Rent Twentieth Century (1934)

3.6 of 5 from 99 ratings
1h 31min
Rent Twentieth Century (aka 20th Century) Online DVD & Blu-ray Rental
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The story of a maniacal Broadway director Oscar Jaffe (John Barrymore) who transforms shop girl (Carole Lombard) from a talented amateur to a smashing Great White Way success adored by public and press.
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Howard Hawks
Charles Bruce Millholland, Ben Hecht, Charles MacArthur, Preston Sturges, Gene Fowler
20th Century
Classics, Comedy, Romance
10 Films to Watch if You Like To Be or Not to Be, Films to Watch If You Like..., The Instant Expert's Guide, The Instant Expert's Guide to Howard Hawks
Release Date:
Not released
Run Time:
91 minutes
English Dolby Digital 1.0
English, Japanese
DVD Regions:
Region 1
Aspect Ratio:
Full Screen 1.33:1 / 4:3
B & W
Release Date:
Run Time:
91 minutes
English LPCM Mono
English Hard of Hearing
Aspect Ratio:
Full Screen 1.37:1
B & W
BLU-RAY Regions:
  • Audio commentary with film critic and writer Farran Smith Nehme (2021)
  • Stars in Her Eyes (2021, 17 mins): academic Lucy Bolton discusses the film career of actor Carole Lombard
  • Peter Bogdanovich Recommends 'Twentieth Century' (1989, 5 mins): appreciation by the acclaimed filmmaker
  • Super 8 version: cut-down home cinema presentation
  • The Campbell Playhouse: 'Twentieth Century' (1939, 57 mins): radio adaptation starring Orson Welles and Elissa Landi
  • Austin Film Society trailer (2016)
  • Image gallery: on-set and promotional photography
  • World Premiere on Blu-ray

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Reviews (3) of Twentieth Century

Proto-Screwball. - Twentieth Century review by Steve

Spoiler Alert

This early Howard Hawks comedy is a landmark of the emerging screwball style of the early '30s, with the fast talking dames, the duped, disorientated male, the crazy, improbable consequences, and the slapstick visual gags- all set in contemporary urban America.  

John Barrymore plays a Broadway producer who discovers a smalltown wannabe (Carole Lombard) and turns her into a stage sensation. Enraged by her svengali's constant egotistical dominion, she flees to Hollywood and becomes a triumph, while he slumps into debt. He must win her back while they return to New York by train.  

Barrymore is just hilarious, overacting brilliantly, with his melodramatic catchphrases, like 'I lower the iron door' for when he sacks someone, which is often. Lombard gets buffeted a little in the whirlwind of his performance, but she puts up a fight in a role that would make her a big star (the final irony). The support cast doesn't stand a chance.  

It is very, very funny.  It isn't all that emotionally nourishing. But as pure comedy, it is a triumph. Preston Sturges did some work on this and his hand is very evident. It's so much fun watching Carole transform from a timid novice to an egomaniac, who almost capable of going into combat with the great impresario.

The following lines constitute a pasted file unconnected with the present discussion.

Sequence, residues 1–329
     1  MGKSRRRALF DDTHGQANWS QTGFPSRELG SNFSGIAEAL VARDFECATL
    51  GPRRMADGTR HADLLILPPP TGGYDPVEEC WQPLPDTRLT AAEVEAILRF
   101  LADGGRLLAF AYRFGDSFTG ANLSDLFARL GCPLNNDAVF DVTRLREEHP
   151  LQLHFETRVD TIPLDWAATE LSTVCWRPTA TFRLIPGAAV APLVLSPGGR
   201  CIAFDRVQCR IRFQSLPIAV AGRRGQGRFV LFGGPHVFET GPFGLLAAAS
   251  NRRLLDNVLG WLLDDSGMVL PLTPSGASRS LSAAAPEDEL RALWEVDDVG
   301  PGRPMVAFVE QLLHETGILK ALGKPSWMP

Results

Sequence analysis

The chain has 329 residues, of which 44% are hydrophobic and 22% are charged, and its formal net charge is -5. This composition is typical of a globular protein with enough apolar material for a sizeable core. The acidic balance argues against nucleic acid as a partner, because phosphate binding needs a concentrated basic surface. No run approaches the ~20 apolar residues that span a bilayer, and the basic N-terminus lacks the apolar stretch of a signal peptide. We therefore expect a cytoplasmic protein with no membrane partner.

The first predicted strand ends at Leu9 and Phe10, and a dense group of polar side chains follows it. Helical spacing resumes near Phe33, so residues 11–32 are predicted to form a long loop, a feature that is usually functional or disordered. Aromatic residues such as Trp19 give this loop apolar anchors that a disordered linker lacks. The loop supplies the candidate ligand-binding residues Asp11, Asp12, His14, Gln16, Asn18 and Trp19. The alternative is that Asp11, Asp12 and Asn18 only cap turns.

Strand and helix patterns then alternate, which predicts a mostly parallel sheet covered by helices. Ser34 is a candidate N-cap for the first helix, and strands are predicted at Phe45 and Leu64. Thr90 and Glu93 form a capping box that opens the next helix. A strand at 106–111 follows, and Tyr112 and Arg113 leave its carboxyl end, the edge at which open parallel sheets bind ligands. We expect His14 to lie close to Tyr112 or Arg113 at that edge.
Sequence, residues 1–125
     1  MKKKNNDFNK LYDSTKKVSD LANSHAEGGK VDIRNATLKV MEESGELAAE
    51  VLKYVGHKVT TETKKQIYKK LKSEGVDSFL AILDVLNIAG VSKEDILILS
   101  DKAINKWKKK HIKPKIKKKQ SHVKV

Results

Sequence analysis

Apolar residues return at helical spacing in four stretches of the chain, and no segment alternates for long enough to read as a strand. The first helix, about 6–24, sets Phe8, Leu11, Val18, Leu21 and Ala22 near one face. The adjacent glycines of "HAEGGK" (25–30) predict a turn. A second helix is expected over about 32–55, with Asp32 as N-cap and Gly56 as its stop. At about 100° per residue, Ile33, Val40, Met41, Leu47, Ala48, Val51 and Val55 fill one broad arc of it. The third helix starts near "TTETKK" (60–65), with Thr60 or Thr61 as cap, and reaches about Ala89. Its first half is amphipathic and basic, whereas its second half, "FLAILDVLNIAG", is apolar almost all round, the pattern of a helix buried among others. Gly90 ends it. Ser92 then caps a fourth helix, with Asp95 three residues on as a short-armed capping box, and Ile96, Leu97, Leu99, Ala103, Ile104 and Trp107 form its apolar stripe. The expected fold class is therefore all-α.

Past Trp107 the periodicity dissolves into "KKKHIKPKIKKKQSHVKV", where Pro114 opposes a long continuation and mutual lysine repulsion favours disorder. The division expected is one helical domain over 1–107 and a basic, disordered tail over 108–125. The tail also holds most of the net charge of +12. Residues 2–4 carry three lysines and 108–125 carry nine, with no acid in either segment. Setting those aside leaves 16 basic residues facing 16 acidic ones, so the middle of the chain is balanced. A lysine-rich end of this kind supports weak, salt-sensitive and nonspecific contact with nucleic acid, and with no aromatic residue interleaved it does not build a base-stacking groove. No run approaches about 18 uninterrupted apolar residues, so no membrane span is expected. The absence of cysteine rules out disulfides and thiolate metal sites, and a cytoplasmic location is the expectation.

3 out of 4 members found this review helpful.

Enjoyably insane - Twentieth Century review by MS

Spoiler Alert

John Barrymore is hilarious as the megalomaniac theatre director. The best bits are the most bonkers -- all the scenes from the train station disguise on. I especially enjoyed his depiction of his proposed Mary Magdelene movie -- "she'll be covered in emeralds!" "There will be camels! Elephants! Sand!" (or words to that effect).

The rest of the cast is good, too, but he is brilliant.

3 out of 4 members found this review helpful.

Lonesome whistles - Twentieth Century review by CH

Spoiler Alert

Much of what happens in Twentieth Century (1934) takes place aboard the eponymous train between Chicago and New York. Apart from providing a timescale in which pell-mell events take place this does not make it exactly a train movie. Despite a few exterior shots against a fast landscape, and the presence of some other passengers including a fraudster, the carriages are so lavish that it might almost be taking place in a series of rooms.

The time spent aboard the train contrasts with the three years traversed by the opening of a film which has seen John Barrymore lift Carole Lombard from advertising-model obscurity to a sensation upon the Broadway stage - something which has also led to their becoming lovers. Such is his overbearing manner that she has fled both bed and stage for Hollywood success, and he has gone into a decline.

Her chancing to be aboard the train brings him the chance to woo her back. From the play by Ben Hecht and Charles MacArthur, it is sometimes called the first screwball. If not as freewheeling as later films, including those also directed by Howard Hawks, it has the requisite madcap quality to carry it across quieter moments - and indeed the raucous ones to which both stars are given.

1 out of 1 members found this review helpful.

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